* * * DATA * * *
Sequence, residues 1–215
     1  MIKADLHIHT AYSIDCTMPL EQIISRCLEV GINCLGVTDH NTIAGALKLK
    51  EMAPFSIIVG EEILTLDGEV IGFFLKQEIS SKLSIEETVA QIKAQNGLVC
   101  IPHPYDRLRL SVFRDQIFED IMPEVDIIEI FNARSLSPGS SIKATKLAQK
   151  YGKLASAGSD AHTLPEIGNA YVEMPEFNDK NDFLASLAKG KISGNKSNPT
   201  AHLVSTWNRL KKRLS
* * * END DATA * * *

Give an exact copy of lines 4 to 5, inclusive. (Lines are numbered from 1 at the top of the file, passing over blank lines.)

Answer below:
   101  IPHPYDRLRL SVFRDQIFED IMPEVDIIEI FNARSLSPGS SIKATKLAQK
   151  YGKLASAGSD AHTLPEIGNA YVEMPEFNDK NDFLASLAKG KISGNKSNPT